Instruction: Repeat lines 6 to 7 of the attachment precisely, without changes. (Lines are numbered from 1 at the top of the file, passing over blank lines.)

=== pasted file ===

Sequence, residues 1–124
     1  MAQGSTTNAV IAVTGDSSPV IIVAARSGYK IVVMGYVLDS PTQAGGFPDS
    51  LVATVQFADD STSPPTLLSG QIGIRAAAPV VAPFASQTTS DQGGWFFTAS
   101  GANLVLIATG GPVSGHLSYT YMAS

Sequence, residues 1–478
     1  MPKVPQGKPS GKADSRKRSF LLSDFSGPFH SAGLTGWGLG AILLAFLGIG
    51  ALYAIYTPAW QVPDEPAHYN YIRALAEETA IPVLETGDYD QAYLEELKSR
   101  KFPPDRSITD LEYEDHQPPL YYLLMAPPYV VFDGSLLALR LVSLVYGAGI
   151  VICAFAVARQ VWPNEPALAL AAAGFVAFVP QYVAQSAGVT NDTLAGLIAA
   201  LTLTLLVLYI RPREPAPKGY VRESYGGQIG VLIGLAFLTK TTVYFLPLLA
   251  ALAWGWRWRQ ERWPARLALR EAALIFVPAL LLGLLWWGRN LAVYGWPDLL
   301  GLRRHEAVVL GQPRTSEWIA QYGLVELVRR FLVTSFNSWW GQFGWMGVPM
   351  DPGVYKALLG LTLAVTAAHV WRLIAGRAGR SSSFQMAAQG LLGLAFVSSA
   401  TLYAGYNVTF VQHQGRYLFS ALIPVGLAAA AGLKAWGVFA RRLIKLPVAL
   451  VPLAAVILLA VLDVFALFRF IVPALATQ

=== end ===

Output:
     1  MPKVPQGKPS GKADSRKRSF LLSDFSGPFH SAGLTGWGLG AILLAFLGIG
    51  ALYAIYTPAW QVPDEPAHYN YIRALAEETA IPVLETGDYD QAYLEELKSR